[R]esearchers from Johns Hopkins Medicine were looking for ways to treat a particular type of age-related macular degeneration (AMD) known as a wet AMD. It’s a rare and more severe form of the disease [that] causes new blood vessels to grow under the retina, which then leak blood and fluid into the eye, leading to vision problems.
The researchers knew they could halt and even reverse the condition by suppressing an overactive protein called vascular endothelial growth factor (VEGF). Other researchers had been able to do it with monthly eye injections, but this team was hoping to do it with just one injection.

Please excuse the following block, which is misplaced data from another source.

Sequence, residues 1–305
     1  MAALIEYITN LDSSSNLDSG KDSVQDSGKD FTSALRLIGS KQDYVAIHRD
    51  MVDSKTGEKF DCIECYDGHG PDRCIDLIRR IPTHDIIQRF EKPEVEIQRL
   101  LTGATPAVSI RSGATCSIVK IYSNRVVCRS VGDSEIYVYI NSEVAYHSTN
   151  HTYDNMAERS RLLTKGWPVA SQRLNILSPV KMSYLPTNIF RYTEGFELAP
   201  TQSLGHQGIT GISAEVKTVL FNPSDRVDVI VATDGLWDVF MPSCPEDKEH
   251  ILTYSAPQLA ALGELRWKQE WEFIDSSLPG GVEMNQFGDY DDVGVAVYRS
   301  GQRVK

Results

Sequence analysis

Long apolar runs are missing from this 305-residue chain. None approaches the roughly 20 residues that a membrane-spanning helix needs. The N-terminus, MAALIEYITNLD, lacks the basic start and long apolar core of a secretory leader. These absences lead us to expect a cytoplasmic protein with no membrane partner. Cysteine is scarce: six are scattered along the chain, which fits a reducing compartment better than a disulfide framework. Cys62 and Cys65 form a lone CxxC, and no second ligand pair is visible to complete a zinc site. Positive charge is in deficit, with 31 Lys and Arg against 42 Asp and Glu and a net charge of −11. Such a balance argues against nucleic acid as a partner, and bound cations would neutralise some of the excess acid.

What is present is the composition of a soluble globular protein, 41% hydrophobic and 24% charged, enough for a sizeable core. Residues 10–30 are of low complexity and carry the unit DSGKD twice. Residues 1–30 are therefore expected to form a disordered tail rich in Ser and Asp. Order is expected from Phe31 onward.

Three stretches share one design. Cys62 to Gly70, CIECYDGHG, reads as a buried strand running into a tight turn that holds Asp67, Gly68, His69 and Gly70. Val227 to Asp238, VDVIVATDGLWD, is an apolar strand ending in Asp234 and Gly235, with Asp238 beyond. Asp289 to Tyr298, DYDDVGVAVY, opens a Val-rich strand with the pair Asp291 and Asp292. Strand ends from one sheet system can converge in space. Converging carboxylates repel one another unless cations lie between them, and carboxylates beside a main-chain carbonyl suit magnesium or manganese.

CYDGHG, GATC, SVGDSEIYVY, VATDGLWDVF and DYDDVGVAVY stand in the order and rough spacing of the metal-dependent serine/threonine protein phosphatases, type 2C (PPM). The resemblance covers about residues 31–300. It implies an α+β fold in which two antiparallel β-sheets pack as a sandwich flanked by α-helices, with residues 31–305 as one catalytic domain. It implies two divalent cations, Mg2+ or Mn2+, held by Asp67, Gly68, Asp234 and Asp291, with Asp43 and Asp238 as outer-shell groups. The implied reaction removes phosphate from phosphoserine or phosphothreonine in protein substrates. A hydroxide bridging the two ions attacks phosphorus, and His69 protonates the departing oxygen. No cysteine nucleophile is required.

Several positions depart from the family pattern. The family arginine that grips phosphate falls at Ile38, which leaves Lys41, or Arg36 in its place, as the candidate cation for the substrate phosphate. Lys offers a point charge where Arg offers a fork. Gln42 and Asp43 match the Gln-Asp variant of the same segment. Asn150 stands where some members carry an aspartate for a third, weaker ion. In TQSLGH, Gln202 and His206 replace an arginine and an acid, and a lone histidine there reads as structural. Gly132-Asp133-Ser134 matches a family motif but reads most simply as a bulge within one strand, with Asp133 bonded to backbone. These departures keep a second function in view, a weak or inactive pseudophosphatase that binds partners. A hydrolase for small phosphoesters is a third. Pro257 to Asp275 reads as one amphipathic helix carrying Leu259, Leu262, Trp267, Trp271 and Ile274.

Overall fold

The best way they found to do this was by using a common cold-like virus called AAV2 as a carrier of gene that activates the production of a different protein, sFLT01, to counter VEGF.
The clinical trial showed promising results, with the condition of four of the patients improving dramatically after just one viral injection. [T]he treatment didn’t produce any side effects in any patients, either. “Even at the highest dose, the treatment was quite safe. We found there were almost no adverse reactions in our patients,” said researcher Peter Campochiaro.
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